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September in New York. In the coming days, concrete blocks will be placed around
the Waldorf Astoria, Intercontinental and other hotels, along with metal
detectors and scanners at their entrances. Barricades will be erected to
redirect pedestrian and vehicular traffic. Heightened security is part of the
annual ritual to welcome government leaders and their entourages from around the
world for the UN General Assembly opening session.
This ritual has become
just as ordinary as the end of summer over Labor Day weekend and the start of a
new school year. New Yorkers, traditionally a resilient population, will go
about their daily business and endure the additional inconveniences associated
with living and working in a city that hosts UN headquarters.
will not heed what these visiting foreign leaders say from the UN podium. That’s
too bad. Several of these heads of state are downright evil. Were it not for US
commitments to international law, their planes might be prohibited from landing
at Kennedy Airport.
Which brings us to another September ritual: the
visit of Iranian President Mahmoud Ahmadinejad. While attention for much of this
year has been diverted to other hot spots in the Middle East, the Iranian leader
is just as dangerous as ever.
Lest anyone forget, while hosting Iran’s
annual Jerusalem Day event last week, at the end of Ramadan, Ahmadinejad again
called for the eradication of Israel. Iran would “never ever withdraw from this
standpoint and policy,” he declared.
Persistent threats against another
UN member-state should prompt automatic outrage and condemnation. But instead of
reprimanding Iran, the world body remains silent as it prepares to welcome him
as it will any other head of state coming to UN headquarters.
Ahmadinejad this year will have the opportunity to address the world at least
twice. Once at the General Assembly and a second time at the tenth anniversary
of the infamous UN World Conference on Racism, first held in Durban in 2001. At
the 2009 Durban Review Conference in Geneva, Ahmadinejad spewed his venomous
attacks, denying the Holocaust and Israel’s right to exist. Precious few walked
out and, worse, most applauded.
THAT ALONE should raise concerns about
Ahmadinejad’s upcoming New York visit. But that’s not all. The Iranian regime
has ignored the international community’s entreaties to desist from pursuing its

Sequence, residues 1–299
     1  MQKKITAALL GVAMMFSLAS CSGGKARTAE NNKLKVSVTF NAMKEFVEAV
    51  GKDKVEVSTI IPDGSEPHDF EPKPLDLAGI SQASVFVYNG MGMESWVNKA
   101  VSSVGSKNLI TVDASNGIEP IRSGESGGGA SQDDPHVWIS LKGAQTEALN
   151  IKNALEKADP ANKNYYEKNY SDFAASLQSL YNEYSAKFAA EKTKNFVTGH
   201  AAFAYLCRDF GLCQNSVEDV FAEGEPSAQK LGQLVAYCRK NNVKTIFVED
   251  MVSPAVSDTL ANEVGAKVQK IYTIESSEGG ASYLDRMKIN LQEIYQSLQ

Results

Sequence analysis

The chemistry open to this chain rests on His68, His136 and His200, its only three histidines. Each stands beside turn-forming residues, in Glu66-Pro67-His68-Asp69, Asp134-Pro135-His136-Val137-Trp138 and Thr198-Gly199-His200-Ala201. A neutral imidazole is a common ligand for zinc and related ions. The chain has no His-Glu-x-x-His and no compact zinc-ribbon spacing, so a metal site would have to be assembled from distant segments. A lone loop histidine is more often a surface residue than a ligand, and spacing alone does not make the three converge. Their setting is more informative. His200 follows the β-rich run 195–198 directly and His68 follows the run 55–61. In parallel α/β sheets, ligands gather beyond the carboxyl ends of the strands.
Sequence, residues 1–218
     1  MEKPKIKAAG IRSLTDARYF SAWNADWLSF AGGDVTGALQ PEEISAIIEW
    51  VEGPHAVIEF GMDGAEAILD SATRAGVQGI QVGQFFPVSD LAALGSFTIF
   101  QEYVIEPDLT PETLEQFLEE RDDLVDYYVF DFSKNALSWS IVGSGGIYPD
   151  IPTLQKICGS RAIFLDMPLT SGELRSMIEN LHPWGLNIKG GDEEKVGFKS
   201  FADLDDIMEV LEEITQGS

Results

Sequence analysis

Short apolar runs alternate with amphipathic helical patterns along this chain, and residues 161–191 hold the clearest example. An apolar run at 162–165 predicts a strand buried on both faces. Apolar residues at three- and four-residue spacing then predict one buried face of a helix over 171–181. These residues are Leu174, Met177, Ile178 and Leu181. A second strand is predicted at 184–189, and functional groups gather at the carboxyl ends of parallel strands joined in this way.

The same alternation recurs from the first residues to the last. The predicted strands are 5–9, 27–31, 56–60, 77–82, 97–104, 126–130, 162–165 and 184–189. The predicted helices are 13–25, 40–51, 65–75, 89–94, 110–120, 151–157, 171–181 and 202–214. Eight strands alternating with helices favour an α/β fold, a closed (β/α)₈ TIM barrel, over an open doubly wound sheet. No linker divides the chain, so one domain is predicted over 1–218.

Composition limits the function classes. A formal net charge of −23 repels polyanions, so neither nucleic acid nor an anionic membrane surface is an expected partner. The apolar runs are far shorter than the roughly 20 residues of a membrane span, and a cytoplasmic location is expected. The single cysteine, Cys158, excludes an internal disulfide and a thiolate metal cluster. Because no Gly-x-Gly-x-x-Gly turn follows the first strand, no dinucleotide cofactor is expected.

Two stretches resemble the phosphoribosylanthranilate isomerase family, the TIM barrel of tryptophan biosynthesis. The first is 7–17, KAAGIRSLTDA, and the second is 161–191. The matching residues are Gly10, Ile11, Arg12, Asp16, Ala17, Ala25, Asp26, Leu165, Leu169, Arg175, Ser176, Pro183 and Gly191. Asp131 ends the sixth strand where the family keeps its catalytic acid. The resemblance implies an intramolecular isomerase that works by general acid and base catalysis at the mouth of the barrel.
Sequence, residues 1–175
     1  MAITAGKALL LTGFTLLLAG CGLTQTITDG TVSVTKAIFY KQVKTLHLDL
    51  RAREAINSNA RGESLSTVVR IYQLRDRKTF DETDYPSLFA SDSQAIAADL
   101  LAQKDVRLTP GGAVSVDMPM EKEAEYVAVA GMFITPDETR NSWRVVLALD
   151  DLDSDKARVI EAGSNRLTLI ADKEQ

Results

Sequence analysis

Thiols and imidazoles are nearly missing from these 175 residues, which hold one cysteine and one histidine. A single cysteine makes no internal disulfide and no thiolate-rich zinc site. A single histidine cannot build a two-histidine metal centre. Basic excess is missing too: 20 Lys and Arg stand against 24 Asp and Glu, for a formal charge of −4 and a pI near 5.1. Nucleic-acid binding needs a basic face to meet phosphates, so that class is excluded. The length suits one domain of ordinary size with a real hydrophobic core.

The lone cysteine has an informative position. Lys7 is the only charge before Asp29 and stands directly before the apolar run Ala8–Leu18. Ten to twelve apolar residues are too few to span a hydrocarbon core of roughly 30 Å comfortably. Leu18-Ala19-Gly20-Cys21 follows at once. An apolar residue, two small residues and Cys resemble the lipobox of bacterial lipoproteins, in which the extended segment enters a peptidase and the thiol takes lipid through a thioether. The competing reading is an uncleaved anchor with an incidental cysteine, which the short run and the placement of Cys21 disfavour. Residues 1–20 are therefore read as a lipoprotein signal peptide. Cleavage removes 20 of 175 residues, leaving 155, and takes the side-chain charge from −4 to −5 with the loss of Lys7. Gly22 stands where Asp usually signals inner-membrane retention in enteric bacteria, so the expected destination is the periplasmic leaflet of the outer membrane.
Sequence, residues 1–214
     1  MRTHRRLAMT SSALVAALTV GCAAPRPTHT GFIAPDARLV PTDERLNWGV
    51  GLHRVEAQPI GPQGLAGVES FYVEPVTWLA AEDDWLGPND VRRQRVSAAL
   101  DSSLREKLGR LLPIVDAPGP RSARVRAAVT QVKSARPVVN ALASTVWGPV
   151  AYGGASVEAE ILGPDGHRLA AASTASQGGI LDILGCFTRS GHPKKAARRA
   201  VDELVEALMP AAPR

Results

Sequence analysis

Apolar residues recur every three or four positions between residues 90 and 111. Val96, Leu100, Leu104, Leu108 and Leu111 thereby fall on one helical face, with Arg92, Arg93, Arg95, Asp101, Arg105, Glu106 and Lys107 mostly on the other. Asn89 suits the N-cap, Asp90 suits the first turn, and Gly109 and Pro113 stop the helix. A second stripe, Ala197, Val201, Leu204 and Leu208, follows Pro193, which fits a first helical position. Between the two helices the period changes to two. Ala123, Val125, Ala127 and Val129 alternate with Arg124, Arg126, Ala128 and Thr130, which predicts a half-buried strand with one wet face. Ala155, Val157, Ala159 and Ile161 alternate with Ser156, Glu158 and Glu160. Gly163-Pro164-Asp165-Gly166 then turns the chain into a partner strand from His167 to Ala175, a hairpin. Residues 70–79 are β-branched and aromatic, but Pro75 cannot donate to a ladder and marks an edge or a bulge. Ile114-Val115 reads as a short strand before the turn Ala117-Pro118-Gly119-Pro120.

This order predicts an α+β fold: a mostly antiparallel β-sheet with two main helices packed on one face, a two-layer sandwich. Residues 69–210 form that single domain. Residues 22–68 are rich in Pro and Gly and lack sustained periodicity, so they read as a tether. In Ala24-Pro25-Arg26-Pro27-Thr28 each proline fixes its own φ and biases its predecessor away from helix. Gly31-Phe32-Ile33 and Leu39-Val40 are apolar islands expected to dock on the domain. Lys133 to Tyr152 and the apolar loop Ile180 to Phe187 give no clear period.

nuclear program, including four UN Security Council resolutions, economic
sanctions by the US, EU and other countries, and appeals from the International
Atomic Energy Agency (IAEA), which released on Friday its latest and perhaps
most damning report of Iranian intentions.
A year ago, Arab countries,
notably Egypt and Saudi Arabia, as well as other GCC members, were expressing
concerns about the looming Iranian nuclear threat. It seemed, momentarily, that
these Arab nations and Israel shared a common view of Iran.
have been pushed aside by the dramatic upheavals across the Arab world. As Egypt
and others look inward to focus on developing new governments, hopefully
democracies, following the overthrow of their own longtime despots, the
ever-present Iranian threat has become a less urgent priority.
Iranians, of course, have not refrained from attempting to take advantage of
instability in the region. From supporting Syria’s Bashar Assad, to
supplying Hamas and Hizbullah, to meddling in Iraq and Bahrain, Iran continues
to assert itself in ways that are harmful to peace and security.
Director Yukia Amano is increasingly frustrated with Iran, a grave concern he
shared in an interview with The Washington Post
earlier this year. Since he
assumed the position of IAEA director last year, the organization has come to
accept the view that Iran is set on building a nuclear weapon.
clarity of that threat is set forth in the new IAEA report. Strongly criticizing
Iran for failing to provide information about its nuclear activities, the IAEA
warns that Iran may already have enough enriched uranium to produce four nuclear
weapons. Coupled with media reports that Iran has taken additional measures to
protect its nuclear program from cyber attacks as well as military actions, the
likelihood that Iran will indeed test a device is becoming a grim
“We remain committed to preventing Iran from acquiring nuclear
weapons,” President Barack Obama declared in a May speech in
Washington. Unfortunately, the Security Council, which last adopted a
resolution on Iran in June 2010, seems unlikely to take further action. It can’t
even come together on Syria.
Ahmadinejad’s arrival in New York
constitutes another display of mockery of the international system. An Iran with
nuclear weapons capability will pose new perils to Iran’s immediate neighbors,
to countries within range of Iranian missiles – and beyond, if Iran transfers
that technology to terrorist organizations or similarly hostile
If there ever was a clear and present danger to global
security, an unchecked Iran intent on building nuclear weapons is it.The
writer is the American Jewish Committee’s director of media relations.
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